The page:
While we welcome the efforts reported to have been made by General Jalil to counter murderous, corrupt, and militia-infiltrated elements within the police in Basra, we remain concerned about the present state of the Iraqi Police. Progress with reforms has been painfully slow and serious questions appear to remain about the loyalty of a significant number of officers. Unlike the Army, which shows clear signs of progress in achieving operational independence, the Police would seem to have a long way to go in becoming truly effective and in gaining the trust of the population. Given the scale of the problems which still need to be tackled, there would seem to be a need for an ongoing commitment by the UK to training and mentoring the Iraqi Police. We call upon the MoD to explain in its response to this report how it proposes to continue its mentoring and training programme following the proposed reduction of UK Forces. (Paragraph 65)

15. The Government's current focus for the security line of operation in southern Iraq is on monitoring, mentoring and training the ISF, with UK forces leading on the development of the Army, and the Foreign and Commonwealth Office coordinating our work with the Iraqi Police Service.

16. The UK has a well-developed strategy to assist the training and mentoring of the Iraqi Army. This starts with basic infantry training for large numbers of recruits, before moving on to the provision of training to a small number of competent Iraqi officers who will themselves become the trainers. Iraqi trainers are at that stage mentored through their programmes, and the approach then changes to one of monitoring Iraqi-led training programmes once they are sufficiently mature. This work will remain our top priority after the proposed drawdown in UK force levels in southern Iraq from the spring. As now, a battle-group will continue to be dedicated to monitoring, mentoring and training activity, and other elements of the force will also deliver specific capacity-building tasks.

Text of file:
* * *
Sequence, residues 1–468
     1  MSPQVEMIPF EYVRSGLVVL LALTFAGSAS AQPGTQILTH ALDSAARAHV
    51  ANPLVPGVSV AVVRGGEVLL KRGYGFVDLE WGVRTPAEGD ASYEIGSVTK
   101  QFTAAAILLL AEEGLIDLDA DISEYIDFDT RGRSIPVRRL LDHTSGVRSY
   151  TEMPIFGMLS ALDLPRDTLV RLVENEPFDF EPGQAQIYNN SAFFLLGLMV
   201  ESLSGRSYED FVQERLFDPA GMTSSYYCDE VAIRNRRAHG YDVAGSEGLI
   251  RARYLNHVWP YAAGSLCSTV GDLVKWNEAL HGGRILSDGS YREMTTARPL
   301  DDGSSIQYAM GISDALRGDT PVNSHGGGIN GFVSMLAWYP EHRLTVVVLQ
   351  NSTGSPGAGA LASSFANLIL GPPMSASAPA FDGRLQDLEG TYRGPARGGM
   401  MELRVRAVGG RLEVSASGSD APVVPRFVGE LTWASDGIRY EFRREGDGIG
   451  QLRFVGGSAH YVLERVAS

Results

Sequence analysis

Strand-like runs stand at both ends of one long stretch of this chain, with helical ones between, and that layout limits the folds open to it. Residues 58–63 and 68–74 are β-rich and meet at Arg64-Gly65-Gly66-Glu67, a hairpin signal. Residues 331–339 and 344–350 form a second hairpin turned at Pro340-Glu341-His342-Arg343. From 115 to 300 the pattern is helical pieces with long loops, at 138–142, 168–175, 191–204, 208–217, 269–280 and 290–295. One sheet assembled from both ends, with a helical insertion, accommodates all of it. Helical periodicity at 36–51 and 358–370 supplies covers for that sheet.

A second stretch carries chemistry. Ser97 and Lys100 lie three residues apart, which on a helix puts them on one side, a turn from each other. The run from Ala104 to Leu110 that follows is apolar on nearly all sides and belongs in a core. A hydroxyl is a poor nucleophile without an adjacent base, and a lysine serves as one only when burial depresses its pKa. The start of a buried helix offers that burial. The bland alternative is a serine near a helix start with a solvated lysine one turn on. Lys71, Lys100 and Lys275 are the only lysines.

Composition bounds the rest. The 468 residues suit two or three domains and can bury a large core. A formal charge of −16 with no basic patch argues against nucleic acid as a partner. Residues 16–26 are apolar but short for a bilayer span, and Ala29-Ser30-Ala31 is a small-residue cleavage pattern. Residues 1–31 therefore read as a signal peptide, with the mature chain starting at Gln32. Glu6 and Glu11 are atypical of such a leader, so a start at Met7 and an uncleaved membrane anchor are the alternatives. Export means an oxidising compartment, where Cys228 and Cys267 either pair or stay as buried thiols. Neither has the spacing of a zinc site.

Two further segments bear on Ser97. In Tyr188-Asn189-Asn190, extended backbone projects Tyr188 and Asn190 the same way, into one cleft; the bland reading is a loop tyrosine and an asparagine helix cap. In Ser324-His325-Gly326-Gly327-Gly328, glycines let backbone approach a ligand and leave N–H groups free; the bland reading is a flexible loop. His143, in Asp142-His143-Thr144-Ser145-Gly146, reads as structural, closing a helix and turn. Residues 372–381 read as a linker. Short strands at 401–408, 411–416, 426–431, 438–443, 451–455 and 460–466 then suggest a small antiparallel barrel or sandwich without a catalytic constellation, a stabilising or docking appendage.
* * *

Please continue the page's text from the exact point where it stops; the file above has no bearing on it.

17. The Government will also be maintaining the commitment to reform, train and mentor the Iraqi Police Service (IPS) throughout 2008. In Basra, the combined civilian and military policing team will continue its work to support the Chief of Police, General Jalil, in combating corruption and developing training capacity in and around Basra. Whilst the IPS still faces challenges, General Jalil has now removed or transferred hundreds of unsuitable police from the Basra force, dissolved the most corrupt units (including the militia-affiliated remnants of the Serious Crimes Unit and National Investigation and Information Agency), and removed senior commanders whom he judges unfit for leadership. The local Internal Affairs Department has also arrested around 40 officers for corruption. As a result, we have seen an increasing number of successful policing operations, carried out in conjunction with the Iraqi Army, including raids on weapons caches and the arrest of criminal and militia members. We are also working with coalition partners to build a police force that is able to sustain itself in the long term, with personnel in Baghdad helping to build Iraqi capability to lead and develop a competent nationwide police force. Into 2008/09, the UK will focus on strategic level engagement with the Ministry of Interior and in three areas: leadership development; strengthening the Ministry of the Interior's institutional functions; and building key policing capabilities, especially in Internal Affairs. This programme of work will not be affected by any reduction in UK force levels in southern Iraq.

It will be important for the MoD to monitor closely the progress of the Merlin and Chinook programmes and, if necessary, take appropriate action to prevent slippage so that these helicopters are available for operational use as soon as possible. (Paragraph 70)

18. The Government can reassure the Committee that it is monitoring closely the progress of the Chinook Mark 3 and Merlin programmes.